An investigation of the influence of individual differences on susceptibility to product placement
An investigation of the influence of individual differences on susceptibility to product placement
Product placement increased in popularity in 1982 when Reese’s Pieces Chocolate was included in E.T. the film, which led to a 65% increase in sales. Still to this day product placement is omnipresent within our cultural climate and research has supported that it enhances our purchase intentions. However, what remains unknown is how individual differences may influence product placement susceptibility. To address this gap, the current study investigated whether individual differences in cognitive capabilities, inhibitory control, age, familiarity, gender and timepoint enhance/reduce the likelihood of individuals' purchasing intentions being influenced by product placement. To do this, 55 participants (23 younger adults (Mage = 61.62(8.70)) and 22 older adults (Mage = 21.75(0.68)) were presented with images of four cups of coffee and asked to rank their purchase intentions/familiarity with the products. Following this, participants watched three scenes from Coronation Street, with the second clip including a product placement (Costa Coffee). Approximately 48 hours later, participants completed another purchase intentions questionnaire on the same four cups of coffee. The results highlighted that purchase intentions increased immediately post-clip; however they decreased 48 hours post-clip. Therefore, advertisers may use this information to discover ways in which the consumer can easily purchase the product immediately post-clip e.g. through QR codes. In regard to all other variables, no other significant relationships were found. Thus, it cannot be suggested to advertising agencies that product placement targeted to individuals who fulfil a given criteria (e.g. older adults, etc) will achieve optimal results when compared to non-targeted product placement.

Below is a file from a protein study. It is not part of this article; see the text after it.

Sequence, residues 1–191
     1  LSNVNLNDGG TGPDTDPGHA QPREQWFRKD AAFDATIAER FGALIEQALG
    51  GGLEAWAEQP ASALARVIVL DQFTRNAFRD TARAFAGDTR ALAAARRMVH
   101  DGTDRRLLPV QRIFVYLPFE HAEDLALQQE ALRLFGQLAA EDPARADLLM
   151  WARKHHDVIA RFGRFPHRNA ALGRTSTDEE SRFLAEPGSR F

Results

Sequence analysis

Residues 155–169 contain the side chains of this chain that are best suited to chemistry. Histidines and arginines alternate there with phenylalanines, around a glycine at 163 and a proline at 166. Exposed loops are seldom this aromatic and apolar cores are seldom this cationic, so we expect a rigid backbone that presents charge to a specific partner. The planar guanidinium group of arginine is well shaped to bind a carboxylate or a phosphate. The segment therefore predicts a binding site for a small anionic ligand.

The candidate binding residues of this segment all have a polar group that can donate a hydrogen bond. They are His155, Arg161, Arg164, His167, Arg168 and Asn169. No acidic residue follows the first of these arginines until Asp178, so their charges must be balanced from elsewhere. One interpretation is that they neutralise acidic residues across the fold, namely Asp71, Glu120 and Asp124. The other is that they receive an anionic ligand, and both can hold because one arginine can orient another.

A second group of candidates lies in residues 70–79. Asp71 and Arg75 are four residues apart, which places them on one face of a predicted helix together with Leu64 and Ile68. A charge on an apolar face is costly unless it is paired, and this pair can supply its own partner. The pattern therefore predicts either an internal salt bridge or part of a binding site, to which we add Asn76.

Marketing, Product placement, Individual differences, Cognitive capabilities, Inhibitory control, Age, Familiarity, Gender, Purchase intentions.